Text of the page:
Jury trials may become a more popular option for defendants after July 1.
That summer date will mark the enactment of a new law giving defendants convicted at jury trials the choice to be sentenced by a judge or the jury that convicted then. The law is a piece of criminal justice reform, overturning the involvement in sentencing that juries have had in Virginia since the late 1700s.
“This is the most transformational piece of criminal justice reform to be passed in Virginia in a generation,” Senator Joseph Morrisey, who sponsored the bill during last year’s General Assembly, said. The bill was a topic of conversation during a special legislative session focused on criminal justice and police reform. It officially became law when the governor signed it in the fall.
Those in favor of the change point to juries handing down stiffer sentences, making many defendants opt out of having a jury trial. They say the law makes the option of a jury trial one of less risk. Juries in Virginia aren’t given state sentencing guidelines noting what a typical sentence would be a particular crime. According to the Virginia Criminal Sentencing Commission (VCSC) in fiscal year 2020, sentences in jury cases went above the guidelines 40% of the time. Only 7.2% of sentences in non-jury cases went above the guidelines. In fiscal year 2019, sentences handed down by juries went above sentencing guidelines 37% of the time compared to 7.4% of non-jury cases, and in fiscal year 2018, juries exceeded sentencing guidelines nearly 50% of the time compared to 8.7% of non-jury cases. In the 16th Judicial District, which Madison, Orange and Greene counties belong to, sentences by judges is fiscal year 2020 complied with guidelines 81% of the time. The sentences exceeded guidelines 8% of the time and were less than the guidelines 12% of the time.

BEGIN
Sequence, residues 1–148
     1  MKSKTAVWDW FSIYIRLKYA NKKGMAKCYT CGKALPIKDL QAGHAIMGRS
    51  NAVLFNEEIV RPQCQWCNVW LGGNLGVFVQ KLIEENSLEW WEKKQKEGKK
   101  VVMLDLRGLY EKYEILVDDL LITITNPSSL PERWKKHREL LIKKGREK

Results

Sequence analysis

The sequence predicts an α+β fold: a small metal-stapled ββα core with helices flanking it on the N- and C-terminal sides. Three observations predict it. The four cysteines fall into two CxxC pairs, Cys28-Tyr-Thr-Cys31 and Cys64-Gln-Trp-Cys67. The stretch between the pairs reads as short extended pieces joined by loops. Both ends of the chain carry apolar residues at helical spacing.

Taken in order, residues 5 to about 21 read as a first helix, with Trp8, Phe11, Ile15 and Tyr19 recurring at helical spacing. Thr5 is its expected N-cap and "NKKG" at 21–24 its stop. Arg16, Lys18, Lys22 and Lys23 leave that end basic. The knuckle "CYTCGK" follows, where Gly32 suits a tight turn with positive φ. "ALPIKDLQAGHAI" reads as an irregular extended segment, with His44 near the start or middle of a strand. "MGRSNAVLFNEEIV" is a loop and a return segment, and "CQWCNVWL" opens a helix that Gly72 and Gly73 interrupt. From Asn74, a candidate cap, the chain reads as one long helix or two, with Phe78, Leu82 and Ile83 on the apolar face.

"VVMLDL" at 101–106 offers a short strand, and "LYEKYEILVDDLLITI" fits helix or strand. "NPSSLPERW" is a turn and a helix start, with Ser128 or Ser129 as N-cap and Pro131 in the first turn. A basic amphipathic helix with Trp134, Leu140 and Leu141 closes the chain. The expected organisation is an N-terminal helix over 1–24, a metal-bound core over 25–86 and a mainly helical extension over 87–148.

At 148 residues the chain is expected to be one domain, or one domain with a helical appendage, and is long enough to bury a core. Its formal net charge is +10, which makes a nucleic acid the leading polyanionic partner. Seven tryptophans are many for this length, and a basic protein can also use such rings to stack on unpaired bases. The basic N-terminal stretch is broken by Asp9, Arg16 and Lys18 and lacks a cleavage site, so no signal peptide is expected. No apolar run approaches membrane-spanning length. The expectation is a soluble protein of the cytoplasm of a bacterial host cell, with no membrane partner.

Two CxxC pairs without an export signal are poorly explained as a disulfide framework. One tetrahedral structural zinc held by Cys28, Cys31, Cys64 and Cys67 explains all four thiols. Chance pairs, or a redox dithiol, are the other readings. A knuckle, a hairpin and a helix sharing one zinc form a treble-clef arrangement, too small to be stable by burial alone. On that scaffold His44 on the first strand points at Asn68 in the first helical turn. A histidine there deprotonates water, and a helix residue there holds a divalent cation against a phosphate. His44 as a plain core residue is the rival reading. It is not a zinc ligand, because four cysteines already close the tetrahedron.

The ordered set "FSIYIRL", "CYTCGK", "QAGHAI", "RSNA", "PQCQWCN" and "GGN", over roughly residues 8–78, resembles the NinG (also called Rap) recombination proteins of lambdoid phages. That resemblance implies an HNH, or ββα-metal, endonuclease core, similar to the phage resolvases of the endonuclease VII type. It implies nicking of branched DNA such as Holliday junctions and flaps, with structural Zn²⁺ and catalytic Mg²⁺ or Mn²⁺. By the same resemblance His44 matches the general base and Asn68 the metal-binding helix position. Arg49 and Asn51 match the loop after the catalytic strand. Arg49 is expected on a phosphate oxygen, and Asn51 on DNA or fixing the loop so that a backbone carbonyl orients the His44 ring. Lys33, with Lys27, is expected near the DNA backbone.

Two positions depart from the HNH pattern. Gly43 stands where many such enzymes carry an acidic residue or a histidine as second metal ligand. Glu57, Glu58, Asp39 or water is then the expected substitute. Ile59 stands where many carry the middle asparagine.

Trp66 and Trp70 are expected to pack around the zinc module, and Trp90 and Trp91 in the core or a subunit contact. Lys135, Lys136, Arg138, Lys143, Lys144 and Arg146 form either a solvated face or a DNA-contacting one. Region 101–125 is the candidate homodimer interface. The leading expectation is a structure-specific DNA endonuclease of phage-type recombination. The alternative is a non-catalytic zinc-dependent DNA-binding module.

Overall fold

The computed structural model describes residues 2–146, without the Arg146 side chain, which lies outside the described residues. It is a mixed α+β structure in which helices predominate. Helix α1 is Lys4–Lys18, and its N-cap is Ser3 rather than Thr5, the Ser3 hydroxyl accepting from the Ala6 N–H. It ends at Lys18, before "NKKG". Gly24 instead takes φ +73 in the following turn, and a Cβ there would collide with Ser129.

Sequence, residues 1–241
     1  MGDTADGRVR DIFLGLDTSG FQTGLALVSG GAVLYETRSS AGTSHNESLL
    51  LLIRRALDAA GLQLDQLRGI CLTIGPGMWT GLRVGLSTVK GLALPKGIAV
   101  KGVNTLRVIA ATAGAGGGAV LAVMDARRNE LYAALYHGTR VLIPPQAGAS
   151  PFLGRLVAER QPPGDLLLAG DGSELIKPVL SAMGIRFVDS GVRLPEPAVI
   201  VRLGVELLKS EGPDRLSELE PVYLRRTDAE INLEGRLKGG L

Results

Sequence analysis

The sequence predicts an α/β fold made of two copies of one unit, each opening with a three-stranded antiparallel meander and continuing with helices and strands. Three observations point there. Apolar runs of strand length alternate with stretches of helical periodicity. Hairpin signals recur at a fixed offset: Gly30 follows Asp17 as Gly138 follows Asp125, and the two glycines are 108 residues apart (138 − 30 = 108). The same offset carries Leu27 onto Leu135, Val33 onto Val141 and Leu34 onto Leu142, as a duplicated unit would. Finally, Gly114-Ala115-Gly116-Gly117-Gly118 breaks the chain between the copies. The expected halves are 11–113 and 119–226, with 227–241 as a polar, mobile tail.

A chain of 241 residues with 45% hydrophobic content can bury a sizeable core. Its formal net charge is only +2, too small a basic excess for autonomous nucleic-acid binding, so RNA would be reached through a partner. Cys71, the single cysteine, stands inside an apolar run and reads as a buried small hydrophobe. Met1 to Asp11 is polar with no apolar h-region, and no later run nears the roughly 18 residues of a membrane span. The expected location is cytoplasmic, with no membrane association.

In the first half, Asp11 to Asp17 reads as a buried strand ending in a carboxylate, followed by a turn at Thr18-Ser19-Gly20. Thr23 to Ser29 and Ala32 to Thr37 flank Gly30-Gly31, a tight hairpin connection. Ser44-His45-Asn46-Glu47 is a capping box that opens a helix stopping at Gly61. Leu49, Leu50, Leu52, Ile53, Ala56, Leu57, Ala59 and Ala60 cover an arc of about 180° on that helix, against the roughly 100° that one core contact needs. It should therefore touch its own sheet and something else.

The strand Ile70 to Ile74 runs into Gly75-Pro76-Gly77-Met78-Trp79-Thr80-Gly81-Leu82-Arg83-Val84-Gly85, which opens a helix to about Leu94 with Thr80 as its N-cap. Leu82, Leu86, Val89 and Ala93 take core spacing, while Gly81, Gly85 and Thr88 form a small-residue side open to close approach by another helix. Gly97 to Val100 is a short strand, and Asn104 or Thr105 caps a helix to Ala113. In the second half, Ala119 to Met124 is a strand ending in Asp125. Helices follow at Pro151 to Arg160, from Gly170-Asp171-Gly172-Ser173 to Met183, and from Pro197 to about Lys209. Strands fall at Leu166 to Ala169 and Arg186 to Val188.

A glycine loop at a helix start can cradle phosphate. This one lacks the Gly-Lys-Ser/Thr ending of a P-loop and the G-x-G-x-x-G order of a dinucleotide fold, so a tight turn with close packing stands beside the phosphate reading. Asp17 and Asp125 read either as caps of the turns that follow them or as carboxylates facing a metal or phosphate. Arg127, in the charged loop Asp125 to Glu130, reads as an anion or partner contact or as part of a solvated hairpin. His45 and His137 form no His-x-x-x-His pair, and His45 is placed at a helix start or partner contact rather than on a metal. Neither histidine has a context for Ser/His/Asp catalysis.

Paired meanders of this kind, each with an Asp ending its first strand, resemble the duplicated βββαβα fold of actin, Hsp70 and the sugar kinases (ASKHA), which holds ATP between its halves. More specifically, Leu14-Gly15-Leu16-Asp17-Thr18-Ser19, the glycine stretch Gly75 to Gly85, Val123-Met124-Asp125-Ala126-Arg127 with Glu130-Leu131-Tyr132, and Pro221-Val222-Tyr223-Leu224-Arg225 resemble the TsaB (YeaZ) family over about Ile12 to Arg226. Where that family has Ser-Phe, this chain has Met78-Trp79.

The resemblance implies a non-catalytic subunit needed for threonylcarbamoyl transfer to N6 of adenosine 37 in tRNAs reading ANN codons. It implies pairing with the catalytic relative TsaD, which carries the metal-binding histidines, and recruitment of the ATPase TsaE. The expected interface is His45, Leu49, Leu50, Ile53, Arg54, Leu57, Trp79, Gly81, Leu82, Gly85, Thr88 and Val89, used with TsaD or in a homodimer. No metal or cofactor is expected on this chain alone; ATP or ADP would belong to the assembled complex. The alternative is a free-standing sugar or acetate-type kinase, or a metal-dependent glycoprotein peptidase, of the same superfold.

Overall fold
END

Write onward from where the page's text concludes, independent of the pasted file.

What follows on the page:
Opponents say the bill will lead to a spike in jury trials across the state leading to increased costs and delays, especially in a time when the court calendars are already full with matters that have been continued thanks to the months long ban on jury trials related to COVID-19. According to VCSC data, since fiscal year 1986 there has been a generally declining trend in the percentage of jury trials among felony convictions in circuit courts. Since fiscal year 2020, the percentage of jury convictions has remained less than 2%. It remains to be seen if that percentage will increase when the new law goes into effect.
Late last month, Madison County Circuit Court Clerk Leeta Louk said the court’s calendar is already fairly full. She’s suggesting 2022 dates for those scheduling jury trials.
Madison County Commonwealth’s Attorney Clarissa Berry said the idea behind the law is that judges take into account their legal knowledge, including sentencing guidelines, when handing down a sentence. She said they also are able to suspend portions of a sentence. With a jury it’s more of an emotional argument, she said.
She said the change is part of a criminal justice reform push, but without mental health reform and real mental health help, it’s unlikely to make much an impact.